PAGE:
Alzheimer’s disease is a devastating brain disorder that has no known cure. Studies have shown that you can improve your chances of keeping it at bay by, say, drinking a lot of coffee, but that’s not going to eradicate the disease or make a positive Alzheimer’s diagnosis any less troubling.

As with any disease, early diagnosis can be a big advantage for doctors in treating Alzheimer’s, and drugs that combat the disease are most effective if used early on. Now, researchers from UC San Francisco have taught an AI to spot the signs of the disease in brain scans up to six years before a diagnosis would normally have been given.

The research, which was published in the journal Radiology, explains how UC San Francisco’s Jae Ho Sohn, MD, MS, recognized a potential area of treatment where machine learning could work in tandem with medical staff.

One of the ways Alzheimer’s can be diagnosed is by studying the glucose levels in different areas of the brain. PET scans that document glucose levels in brain tissue are heavily relied upon, but it can be difficult for a doctor to make a diagnosis if the changes taking place in the brain are subtle, as they often are with a slowly-progressing disease like Alzheimer’s.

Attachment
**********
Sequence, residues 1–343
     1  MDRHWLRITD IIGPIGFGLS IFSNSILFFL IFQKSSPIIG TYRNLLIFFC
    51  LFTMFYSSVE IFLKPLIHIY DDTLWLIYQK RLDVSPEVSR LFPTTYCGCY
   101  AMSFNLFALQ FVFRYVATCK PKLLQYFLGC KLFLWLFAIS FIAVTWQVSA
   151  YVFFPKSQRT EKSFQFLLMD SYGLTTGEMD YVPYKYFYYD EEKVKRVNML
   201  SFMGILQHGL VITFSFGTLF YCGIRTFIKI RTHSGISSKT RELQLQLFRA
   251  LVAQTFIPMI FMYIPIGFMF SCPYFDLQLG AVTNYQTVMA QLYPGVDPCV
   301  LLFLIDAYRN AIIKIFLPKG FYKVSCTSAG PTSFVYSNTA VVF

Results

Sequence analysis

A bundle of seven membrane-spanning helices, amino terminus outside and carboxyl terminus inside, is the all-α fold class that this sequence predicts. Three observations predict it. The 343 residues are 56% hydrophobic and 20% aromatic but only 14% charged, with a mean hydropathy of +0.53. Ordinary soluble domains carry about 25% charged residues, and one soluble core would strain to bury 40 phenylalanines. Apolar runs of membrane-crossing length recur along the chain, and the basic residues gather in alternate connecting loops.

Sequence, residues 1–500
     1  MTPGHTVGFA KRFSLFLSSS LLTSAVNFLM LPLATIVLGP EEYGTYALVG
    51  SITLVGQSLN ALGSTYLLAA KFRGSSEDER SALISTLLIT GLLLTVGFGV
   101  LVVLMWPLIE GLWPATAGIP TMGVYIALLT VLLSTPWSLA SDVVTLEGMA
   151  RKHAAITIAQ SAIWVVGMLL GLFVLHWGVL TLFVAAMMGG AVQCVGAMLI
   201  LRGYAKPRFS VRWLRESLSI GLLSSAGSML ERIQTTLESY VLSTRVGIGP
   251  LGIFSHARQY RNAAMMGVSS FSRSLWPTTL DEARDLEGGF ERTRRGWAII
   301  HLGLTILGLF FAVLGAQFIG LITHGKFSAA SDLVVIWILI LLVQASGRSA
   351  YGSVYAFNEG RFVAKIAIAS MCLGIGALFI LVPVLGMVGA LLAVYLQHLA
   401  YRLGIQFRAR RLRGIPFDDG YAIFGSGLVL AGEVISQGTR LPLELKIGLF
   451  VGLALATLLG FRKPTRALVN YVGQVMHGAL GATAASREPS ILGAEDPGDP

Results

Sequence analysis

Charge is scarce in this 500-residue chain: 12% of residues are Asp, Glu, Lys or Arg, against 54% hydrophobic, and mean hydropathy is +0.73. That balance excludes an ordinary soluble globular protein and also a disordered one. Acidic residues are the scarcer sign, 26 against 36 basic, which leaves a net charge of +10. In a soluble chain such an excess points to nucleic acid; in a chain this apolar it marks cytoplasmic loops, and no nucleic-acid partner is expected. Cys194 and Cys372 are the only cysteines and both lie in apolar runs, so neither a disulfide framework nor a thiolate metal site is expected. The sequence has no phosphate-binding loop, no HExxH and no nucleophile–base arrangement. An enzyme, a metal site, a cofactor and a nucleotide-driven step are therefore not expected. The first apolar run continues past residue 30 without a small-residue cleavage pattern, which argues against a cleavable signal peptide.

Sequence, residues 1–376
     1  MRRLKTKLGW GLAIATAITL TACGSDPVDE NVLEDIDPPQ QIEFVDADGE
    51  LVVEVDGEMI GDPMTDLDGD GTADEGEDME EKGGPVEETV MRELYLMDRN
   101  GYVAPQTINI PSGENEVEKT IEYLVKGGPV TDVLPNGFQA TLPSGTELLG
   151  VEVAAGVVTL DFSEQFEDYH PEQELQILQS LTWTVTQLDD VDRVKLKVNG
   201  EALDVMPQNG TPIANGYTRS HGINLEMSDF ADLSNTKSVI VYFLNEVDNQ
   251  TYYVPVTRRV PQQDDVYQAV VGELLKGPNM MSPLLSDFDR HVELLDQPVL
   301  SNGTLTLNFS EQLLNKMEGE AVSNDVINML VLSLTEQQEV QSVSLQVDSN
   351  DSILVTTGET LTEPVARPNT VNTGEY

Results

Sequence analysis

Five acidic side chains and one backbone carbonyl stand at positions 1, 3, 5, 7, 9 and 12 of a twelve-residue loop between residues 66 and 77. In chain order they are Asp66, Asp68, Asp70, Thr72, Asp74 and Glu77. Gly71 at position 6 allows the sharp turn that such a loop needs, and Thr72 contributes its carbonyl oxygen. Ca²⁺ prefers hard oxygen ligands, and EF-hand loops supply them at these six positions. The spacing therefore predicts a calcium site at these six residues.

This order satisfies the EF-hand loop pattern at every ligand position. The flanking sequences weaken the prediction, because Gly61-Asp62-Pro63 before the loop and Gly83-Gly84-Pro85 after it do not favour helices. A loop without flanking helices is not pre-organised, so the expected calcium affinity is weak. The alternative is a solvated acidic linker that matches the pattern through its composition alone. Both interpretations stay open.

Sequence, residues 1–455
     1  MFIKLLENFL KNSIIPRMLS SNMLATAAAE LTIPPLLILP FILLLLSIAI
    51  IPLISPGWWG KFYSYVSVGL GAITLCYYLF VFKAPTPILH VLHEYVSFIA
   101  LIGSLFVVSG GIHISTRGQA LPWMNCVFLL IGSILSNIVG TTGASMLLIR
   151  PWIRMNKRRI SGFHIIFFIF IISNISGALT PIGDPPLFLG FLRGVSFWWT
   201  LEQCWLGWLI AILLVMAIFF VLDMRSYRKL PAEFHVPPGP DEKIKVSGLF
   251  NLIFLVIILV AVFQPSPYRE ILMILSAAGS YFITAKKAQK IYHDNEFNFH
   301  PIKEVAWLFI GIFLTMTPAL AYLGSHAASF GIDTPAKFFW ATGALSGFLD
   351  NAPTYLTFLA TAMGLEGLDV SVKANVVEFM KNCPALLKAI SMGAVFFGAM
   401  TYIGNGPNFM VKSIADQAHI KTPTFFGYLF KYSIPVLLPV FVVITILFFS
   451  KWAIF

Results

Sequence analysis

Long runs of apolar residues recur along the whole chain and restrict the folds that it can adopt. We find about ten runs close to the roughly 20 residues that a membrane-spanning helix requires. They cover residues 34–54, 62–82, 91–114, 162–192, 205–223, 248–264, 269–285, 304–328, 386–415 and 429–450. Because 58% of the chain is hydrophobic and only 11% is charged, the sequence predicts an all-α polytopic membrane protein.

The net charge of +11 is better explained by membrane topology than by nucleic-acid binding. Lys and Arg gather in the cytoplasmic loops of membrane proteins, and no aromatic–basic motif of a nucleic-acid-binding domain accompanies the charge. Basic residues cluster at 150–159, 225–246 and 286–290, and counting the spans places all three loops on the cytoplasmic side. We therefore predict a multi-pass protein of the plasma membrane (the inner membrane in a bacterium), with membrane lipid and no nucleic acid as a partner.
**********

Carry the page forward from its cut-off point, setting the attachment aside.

Sohn sought the help of a machine learning algorithm to detect the changes with greater accuracy and found that the AI is quite skilled at spotting the earliest signs of Alzheimer’s.

“This is an ideal application of deep learning because it is particularly strong at finding very subtle but diffuse processes,” Sohn said in a statement. “Human radiologists are really strong at identifying tiny focal finding like a brain tumor, but we struggle at detecting more slow, global changes. Given the strength of deep learning in this type of application, especially compared to humans, it seemed like a natural application.”

The algorithm was taught using nearly 2,000 scans and then test against new scans that it had never seen before. In its very first outing it was 92% accurate, which is pretty impressive on its own. However, the information it learned from that test led to a 98% accuracy rating in the second test, which is rather incredible.

The AI won’t be used for actual Alzheimer’s diagnosis quite yet, but Sohn believes it might become a valuable tool in a doctor’s arsenal sooner rather than later.

Comments